• Surf doesn't need to have the cloned repo anywhere, only the URL. Surf automatically creates a clean checkout for every build.
  • Even though you probably don't have write access to the repo, you can still build it locally. Because this command didn't have the -n parameter, it won't post the result to GitHub.

Testing out Surf in your own project

Surf knows how to build many kinds of projects without any kind of configuration:

  • Autotools-based projects
  • CMake
  • .NET Projects via MSBuild / XBuild on non-Windows
  • Node.js projects (runs npm install && npm test)
  • Rust projects, via Cargo
  • XCode projects via xcodebuild

Surf will instead use any of the following files as the build command if they are present - you can use this for custom build setups, or for languages / platforms that Surf doesn't support automatically:

  • build.sh
  • build.ps1
  • build.cmd
  • script/ci.ps1
  • script/ci.cmd
  • script/ci

Now, let's test it out. First, we need to get a GitHub token:

  1. Go to https://github.com/settings/tokens to get a token
  2. Make sure to check repo and gist.
  3. Generate the token and save it off
## When you don't specify parameters, we guess them from the current directory
export GITHUB_TOKEN='<< your token >>'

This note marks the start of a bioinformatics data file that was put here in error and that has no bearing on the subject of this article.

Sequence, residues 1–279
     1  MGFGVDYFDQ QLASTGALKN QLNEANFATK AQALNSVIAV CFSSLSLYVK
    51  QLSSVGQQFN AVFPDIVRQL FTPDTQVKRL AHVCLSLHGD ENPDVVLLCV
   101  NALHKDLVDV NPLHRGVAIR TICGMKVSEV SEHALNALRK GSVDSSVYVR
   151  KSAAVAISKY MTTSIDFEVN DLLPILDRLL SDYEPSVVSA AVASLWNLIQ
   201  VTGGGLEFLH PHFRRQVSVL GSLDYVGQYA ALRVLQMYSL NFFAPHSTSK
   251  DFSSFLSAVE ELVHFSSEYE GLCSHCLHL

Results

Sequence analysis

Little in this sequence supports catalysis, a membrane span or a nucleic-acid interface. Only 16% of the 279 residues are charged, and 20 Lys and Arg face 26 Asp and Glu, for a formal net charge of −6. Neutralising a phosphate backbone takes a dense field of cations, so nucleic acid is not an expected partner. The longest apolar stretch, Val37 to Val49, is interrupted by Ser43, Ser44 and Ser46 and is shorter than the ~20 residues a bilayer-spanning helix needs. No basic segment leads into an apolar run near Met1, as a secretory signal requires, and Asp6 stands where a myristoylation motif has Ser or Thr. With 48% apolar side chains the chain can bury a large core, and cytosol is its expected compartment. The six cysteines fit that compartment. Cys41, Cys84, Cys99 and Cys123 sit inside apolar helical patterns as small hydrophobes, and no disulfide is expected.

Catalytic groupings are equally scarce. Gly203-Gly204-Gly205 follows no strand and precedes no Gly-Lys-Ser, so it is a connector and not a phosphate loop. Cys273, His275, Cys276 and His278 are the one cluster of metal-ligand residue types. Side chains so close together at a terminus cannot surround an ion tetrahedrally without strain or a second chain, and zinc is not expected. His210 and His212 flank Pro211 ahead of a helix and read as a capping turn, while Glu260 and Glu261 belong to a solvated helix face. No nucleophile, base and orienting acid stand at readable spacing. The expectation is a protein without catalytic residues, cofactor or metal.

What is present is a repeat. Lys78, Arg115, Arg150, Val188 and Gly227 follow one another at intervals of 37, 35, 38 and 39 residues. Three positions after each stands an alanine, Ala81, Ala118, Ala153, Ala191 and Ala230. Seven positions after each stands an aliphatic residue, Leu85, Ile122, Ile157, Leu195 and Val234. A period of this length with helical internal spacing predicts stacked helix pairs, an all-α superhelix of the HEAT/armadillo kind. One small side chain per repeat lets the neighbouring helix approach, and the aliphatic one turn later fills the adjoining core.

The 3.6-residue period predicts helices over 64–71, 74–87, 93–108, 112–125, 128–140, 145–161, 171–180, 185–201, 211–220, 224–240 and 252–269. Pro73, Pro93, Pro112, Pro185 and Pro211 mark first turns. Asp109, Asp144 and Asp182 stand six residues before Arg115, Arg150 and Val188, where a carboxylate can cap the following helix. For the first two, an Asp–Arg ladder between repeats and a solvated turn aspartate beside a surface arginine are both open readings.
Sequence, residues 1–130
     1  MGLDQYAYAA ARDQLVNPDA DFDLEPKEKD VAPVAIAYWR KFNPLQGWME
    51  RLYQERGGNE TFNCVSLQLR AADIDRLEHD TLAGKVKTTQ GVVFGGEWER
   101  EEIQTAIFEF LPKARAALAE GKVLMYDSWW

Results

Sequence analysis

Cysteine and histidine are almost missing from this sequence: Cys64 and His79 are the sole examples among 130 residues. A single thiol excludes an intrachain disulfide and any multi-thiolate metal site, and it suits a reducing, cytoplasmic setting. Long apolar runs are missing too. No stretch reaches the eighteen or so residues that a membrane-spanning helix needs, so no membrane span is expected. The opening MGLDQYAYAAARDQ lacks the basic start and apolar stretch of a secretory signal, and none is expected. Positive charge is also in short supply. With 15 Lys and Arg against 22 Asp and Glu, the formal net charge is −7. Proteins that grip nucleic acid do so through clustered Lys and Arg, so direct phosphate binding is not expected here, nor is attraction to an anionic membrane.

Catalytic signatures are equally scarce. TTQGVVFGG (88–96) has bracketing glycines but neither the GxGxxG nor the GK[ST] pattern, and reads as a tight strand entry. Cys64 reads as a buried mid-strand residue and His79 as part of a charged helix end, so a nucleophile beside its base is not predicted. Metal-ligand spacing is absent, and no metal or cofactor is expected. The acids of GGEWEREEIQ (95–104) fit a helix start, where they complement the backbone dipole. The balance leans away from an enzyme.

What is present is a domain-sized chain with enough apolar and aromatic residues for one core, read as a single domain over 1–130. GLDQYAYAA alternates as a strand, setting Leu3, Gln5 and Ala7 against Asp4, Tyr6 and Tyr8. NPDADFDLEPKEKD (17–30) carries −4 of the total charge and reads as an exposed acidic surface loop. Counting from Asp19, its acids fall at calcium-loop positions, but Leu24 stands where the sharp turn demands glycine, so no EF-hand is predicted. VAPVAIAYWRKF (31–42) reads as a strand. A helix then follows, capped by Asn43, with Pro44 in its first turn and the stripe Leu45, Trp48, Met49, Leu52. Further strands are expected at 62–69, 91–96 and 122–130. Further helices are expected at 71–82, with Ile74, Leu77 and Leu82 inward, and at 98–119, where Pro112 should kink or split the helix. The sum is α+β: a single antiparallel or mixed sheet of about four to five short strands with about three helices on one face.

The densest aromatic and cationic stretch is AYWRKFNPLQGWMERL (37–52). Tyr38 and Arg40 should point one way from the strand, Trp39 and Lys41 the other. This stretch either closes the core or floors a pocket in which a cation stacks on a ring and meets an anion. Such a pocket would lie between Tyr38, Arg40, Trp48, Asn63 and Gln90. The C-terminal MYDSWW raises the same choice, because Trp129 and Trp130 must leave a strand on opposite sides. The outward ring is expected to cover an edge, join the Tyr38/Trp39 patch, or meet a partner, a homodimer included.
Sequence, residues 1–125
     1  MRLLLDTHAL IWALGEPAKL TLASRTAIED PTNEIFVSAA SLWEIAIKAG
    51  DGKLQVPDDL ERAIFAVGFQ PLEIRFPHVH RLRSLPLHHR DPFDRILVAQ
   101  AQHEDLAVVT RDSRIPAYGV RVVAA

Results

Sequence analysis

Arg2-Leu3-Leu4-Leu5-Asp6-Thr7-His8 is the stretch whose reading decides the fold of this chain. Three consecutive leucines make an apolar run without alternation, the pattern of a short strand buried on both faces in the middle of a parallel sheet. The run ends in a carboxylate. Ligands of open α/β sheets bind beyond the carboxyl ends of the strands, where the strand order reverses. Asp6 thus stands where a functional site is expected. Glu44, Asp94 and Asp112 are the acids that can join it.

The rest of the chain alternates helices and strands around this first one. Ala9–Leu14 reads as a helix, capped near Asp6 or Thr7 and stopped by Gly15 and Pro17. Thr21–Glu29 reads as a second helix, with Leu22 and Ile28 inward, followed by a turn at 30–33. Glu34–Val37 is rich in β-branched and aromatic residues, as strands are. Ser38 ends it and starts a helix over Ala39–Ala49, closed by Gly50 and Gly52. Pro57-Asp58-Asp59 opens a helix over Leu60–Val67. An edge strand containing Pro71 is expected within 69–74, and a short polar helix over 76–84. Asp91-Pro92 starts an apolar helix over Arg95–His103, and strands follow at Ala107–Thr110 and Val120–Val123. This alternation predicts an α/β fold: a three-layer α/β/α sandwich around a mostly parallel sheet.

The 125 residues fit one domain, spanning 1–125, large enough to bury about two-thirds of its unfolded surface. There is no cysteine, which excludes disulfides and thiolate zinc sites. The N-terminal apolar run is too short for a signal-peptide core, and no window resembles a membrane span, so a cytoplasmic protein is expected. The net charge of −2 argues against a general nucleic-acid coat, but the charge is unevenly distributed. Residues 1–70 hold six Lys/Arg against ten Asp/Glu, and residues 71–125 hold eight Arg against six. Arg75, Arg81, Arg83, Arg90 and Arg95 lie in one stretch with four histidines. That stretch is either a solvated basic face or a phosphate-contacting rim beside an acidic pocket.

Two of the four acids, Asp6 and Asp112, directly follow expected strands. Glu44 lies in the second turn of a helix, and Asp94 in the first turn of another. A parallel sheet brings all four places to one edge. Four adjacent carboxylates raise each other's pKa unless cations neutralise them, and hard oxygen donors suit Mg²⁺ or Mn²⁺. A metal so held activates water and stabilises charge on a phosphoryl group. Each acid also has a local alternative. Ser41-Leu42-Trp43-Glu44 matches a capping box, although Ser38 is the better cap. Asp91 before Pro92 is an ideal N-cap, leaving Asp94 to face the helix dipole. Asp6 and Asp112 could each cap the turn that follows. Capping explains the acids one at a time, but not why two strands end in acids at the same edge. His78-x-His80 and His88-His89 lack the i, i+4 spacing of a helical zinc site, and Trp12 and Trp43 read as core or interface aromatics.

surf-build

Now, let's make this build on every push:

## Runs locally and watches the GitHub repo for changes, then invokes
## surf-build

export GITHUB_TOKEN='<< your token >>'
surf-run

Giving your multi-platform builds separate names

Surf is great at running builds to verify your PRs, which show up here on the GitHub UI:

To set this up, all we need to do is pass -n to surf-build - here's an example with PowerShell in Windows:

$env:GITHUB_TOKEN="<< your token >>"

surf-run -r https://github.com/surf-build/example-csharp -- surf-build -n 'surf-win32-x64'

Pass a descriptive name as your parameter to -n, usually the platform / architecture that you're building on. The build output will be a link on the checkmark, and posted to your account as a GitHub Gist. Check out an example: https://gist.github.com/paulcbetts/b6ab52eeb43d0c551516.

Ugh! It doesn't work!

Surf uses the really great debug module for all of its diagnostics. To enable it, set the DEBUG environment variable to *,-babel (since Babel is very noisy):

export GITHUB_TOKEN='<< your token >>'
export DEBUG='*,-babel'

surf-run -r https://github.com/surf-build/example-csharp -- surf-build -n 'surf-debian-ia32'

Available Commands

surf-run

Monitors a GitHub repo and runs a command on every changed ref, constrained to a certain number of processes in parallel.

Usage: surf-run -r https://github.com/some/repo -- command arg1 arg2 arg3...
Monitors a GitHub repo and runs a command for each changed branch / PR.

Options:
  -h, --help     Show help                                             [boolean]
  -r, --repo     The URL of the repository to monitor. Defaults to the repo in
                 the current directory
  -j, --jobs     The number of concurrent jobs to run. Defaults to 2